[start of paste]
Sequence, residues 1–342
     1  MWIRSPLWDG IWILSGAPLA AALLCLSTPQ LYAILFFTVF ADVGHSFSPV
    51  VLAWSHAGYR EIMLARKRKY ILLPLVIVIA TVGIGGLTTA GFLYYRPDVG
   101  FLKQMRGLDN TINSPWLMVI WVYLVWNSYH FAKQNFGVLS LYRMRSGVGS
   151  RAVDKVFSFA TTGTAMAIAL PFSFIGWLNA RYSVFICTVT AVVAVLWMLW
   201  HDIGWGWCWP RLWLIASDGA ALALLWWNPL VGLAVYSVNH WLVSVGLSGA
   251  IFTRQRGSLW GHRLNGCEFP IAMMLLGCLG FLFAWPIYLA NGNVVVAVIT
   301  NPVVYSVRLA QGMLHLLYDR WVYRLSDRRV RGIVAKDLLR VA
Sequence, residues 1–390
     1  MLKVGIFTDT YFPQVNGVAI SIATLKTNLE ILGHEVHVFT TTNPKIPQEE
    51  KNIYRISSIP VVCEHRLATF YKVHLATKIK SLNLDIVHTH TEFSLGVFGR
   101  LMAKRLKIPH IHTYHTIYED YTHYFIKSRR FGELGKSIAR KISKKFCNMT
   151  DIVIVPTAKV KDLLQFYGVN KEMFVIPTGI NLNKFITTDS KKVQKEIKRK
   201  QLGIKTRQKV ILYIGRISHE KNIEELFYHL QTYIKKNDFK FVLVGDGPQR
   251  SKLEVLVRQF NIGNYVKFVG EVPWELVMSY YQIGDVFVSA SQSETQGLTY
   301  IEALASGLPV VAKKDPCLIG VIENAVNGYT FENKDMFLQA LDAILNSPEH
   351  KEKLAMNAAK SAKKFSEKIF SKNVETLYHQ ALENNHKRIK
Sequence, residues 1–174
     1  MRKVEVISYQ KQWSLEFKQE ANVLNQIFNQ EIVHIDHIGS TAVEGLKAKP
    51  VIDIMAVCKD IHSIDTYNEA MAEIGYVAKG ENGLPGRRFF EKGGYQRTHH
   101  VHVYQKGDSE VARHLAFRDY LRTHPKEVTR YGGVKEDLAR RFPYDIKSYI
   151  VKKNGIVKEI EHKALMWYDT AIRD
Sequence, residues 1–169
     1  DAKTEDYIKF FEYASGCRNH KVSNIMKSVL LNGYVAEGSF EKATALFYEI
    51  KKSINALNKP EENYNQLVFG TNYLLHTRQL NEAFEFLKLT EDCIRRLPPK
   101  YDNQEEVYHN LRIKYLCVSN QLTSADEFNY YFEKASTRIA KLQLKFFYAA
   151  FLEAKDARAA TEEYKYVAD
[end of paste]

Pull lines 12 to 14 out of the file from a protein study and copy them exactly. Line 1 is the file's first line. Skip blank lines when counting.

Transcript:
   101  LMAKRLKIPH IHTYHTIYED YTHYFIKSRR FGELGKSIAR KISKKFCNMT
   151  DIVIVPTAKV KDLLQFYGVN KEMFVIPTGI NLNKFITTDS KKVQKEIKRK
   201  QLGIKTRQKV ILYIGRISHE KNIEELFYHL QTYIKKNDFK FVLVGDGPQR